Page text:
EEMUA - PUB NO 194
Guidelines for materials selection and corrosion control for subsea oil and gas production equipment
|Publication Date:||1 March 2012|
This Publication sets out the principles and practices of materials selection and corrosion control, and provides information on lessons learned in the industry. Key aspects of welding and fabrication are also discussed. However it should not be seen as an alternative to the involvement of suitably qualified metallurgical and corrosion specialists in subsea projects. Indeed, the complexity of some of the issues involved is such that the document cannot always provide definitive recommendations, and the requirement for expert advice on materials issues will remain.
There are many associated topics that could affect materials performance and equipment integrity that are not addressed in any detail in this document, for example:
- welding and cladding procedures,
- weld defect acceptance criteria,
- non-destructive examination requirements,
- QA/QC procedures during component manufacture,
- verification and validation testing of assembled equipment,
- chemical treatment of hydrotest fluids,
- methods of deployment of equipment to avoid sea water ingress, and
- subsea connection procedures to avoid or minimise sea water ingress.
Extent of Application
This Publication relates to equipment fully immersed in sea
water installed at or above the seabed for oil and gas production,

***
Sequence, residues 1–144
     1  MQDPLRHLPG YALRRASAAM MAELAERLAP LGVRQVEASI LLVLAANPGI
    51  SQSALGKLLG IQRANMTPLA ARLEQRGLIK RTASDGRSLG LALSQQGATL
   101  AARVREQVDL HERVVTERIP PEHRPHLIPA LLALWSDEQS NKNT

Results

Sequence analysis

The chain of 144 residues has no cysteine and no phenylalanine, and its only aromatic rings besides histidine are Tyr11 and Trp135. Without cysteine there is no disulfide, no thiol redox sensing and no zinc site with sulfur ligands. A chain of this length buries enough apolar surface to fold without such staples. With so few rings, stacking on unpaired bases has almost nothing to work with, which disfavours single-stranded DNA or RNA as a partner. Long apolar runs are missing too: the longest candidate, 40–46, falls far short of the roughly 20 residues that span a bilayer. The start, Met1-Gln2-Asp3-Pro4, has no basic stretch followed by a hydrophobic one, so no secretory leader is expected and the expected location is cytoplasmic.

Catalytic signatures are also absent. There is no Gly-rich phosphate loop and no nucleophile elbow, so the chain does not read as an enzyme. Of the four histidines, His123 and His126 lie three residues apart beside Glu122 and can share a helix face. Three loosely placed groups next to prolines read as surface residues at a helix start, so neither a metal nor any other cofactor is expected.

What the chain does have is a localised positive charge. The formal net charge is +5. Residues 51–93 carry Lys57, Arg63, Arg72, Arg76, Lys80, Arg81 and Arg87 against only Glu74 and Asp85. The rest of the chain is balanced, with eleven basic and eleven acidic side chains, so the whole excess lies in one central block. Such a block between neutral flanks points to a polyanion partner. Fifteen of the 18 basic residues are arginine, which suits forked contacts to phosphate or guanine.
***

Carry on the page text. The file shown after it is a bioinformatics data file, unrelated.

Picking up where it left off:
including water, gas and chemical injection systems and their
The emphasis is on the identification and discussion of those materials- and corrosion-related issues which are specific to subsea equipment and which are not usually encountered in offshore platform-based designs utilising dry completions.
Outside the scope are:
- drilling and downhole equipment;
- items used only for the deployment, retrieval or maintenance of the permanently installed facilities (though the materials used for such equipment should be subjected to review, based on the principles in this document. At least one serious incident is known to have occurred due to rapid galvanic corrosion of aluminium components in deployment equipment. Failures of high strength fasteners used in lifting and deployment equipment have also been reported);
- structural items and steel fabrications (Ref ISO 13628-15); and
- topside equipment.